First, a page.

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Quote:
Originally Posted by Nozzferrahhtoo View Post
My point is, however, not about "gay" specimens per se. My point is that it is very much normal in nature for animals and species to contain "non reproducing elements". It differs wildly across species how this is achieved. Some are created sterile like worker ants. Some are created with no interest in reproduction even though they are capable... not responding to certain chemicals etc to remove their reproductive drive. Others are killed if they try to reproduce.
Very interesting. I didn't know that. can you give examples by name?


Quote:
Originally Posted by Nozzferrahhtoo View Post
Not at all and I predicted this point from you when I was alluding to how one can pass on ones Genes without ever reproducing. What I meant by this was nothing to do with Parthenogenesis but everything to do with taking a genes eye view of things.

In many species the non reproducing elements of the species ensure the success of their own genes.... without reproducing themselves.... by helping towards the success of their siblings which ALSO contain many of the same genes. In other words by reproducing you pass on your genes, but by not reproducing and assisting your siblings in passing on their genes you are... effectively.... also helping pass on your own.

So no... it is simply wrong to assume that gay elements will not pass on their genes. A gay uncle or aunt will in fact have more resources available... due to not having children of their own.... to help assist their niece or nephew and their own siblings... thus increasing the reproductive strengths of those elements.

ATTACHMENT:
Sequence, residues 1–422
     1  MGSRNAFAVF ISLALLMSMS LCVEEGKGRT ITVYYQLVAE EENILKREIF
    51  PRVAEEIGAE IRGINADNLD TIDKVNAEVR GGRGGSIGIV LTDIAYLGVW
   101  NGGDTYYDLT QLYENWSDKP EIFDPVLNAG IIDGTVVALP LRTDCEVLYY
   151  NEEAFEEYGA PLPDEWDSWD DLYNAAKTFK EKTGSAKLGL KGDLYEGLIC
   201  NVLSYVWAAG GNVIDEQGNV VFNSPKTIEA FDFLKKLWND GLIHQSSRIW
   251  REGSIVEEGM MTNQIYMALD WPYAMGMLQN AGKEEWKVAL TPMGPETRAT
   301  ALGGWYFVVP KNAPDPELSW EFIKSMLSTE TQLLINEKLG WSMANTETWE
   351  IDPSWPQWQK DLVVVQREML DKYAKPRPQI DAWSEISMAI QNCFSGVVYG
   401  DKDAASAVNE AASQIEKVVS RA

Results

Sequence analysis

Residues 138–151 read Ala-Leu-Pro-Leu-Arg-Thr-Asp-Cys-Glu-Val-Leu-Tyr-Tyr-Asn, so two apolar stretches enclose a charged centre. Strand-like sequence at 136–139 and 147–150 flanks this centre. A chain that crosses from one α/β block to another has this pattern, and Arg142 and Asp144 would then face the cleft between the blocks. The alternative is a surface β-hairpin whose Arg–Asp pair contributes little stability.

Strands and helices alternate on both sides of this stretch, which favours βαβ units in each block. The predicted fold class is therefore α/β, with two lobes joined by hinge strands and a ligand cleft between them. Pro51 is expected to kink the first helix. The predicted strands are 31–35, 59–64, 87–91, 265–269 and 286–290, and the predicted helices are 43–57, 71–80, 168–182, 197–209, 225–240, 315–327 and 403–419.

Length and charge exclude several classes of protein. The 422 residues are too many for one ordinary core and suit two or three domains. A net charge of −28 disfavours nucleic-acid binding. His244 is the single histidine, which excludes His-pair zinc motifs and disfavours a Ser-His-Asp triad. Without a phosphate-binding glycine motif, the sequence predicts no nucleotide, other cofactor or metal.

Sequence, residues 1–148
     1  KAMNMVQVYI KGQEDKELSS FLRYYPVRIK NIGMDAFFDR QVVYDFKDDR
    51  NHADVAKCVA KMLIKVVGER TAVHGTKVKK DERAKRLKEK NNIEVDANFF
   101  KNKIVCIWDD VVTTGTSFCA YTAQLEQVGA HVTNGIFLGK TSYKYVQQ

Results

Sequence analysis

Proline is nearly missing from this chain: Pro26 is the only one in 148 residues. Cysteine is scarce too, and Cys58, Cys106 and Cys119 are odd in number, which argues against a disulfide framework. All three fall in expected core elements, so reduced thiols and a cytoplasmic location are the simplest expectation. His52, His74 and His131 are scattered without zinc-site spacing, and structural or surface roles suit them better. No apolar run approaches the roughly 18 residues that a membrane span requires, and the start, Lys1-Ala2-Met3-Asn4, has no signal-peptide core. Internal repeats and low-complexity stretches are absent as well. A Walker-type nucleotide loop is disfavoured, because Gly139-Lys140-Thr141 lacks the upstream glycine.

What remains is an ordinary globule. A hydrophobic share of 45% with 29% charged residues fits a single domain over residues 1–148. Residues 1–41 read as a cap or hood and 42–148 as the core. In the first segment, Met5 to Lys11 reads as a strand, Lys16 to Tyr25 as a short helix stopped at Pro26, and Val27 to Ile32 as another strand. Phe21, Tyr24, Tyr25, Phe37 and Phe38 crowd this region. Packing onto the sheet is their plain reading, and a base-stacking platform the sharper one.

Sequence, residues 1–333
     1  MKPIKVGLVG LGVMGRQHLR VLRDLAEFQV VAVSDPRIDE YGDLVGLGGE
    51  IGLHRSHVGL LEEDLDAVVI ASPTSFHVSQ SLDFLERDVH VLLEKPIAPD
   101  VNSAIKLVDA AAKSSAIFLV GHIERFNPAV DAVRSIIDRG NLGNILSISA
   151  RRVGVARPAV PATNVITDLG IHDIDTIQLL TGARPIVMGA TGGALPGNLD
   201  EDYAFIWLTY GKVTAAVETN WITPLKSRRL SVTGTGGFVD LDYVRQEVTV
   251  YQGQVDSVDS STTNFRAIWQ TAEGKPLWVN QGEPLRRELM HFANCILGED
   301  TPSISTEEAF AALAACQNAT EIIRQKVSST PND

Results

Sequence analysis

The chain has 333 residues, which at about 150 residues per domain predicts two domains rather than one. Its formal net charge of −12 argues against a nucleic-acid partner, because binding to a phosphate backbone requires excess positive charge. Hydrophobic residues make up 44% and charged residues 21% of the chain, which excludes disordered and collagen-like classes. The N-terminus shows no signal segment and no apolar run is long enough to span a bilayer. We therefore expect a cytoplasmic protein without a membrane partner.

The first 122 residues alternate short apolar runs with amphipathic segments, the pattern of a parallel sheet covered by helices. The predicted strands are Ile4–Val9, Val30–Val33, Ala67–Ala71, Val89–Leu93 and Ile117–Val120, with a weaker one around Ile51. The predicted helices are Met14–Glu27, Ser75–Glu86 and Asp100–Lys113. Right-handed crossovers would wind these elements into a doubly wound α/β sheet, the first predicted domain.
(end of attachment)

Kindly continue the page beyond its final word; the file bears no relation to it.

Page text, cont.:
The mistake in other words is to take an individual view of evolution and successful gene transfer. Take instead the genes eye view and realise that a gene can ensure its success in later generations vicariously just as well as directly. It is genes that "want" to pass themselves on into later generations not individuals and many genes have evolved to do so vicariously by helping the success of copies of themselves in the bodies of others. Helpful is to forget that genes are packed up in individuals at all, and to imagine them all together in one massive pool which we call the species.

This is how hive species for example could even evolve in the first place. How, for example, do genes for being a non reproducing worker ant pass down the generations if the workers never reproduce? The answer is because the reproducing elements ALSO contain these genes and the workers help THEM to pass it on.
i have to think more about this. what you describe seems to me to be fine in theory but i wonder if it actually works this way. i think the examples you're going to give me above will help in my thinking/research.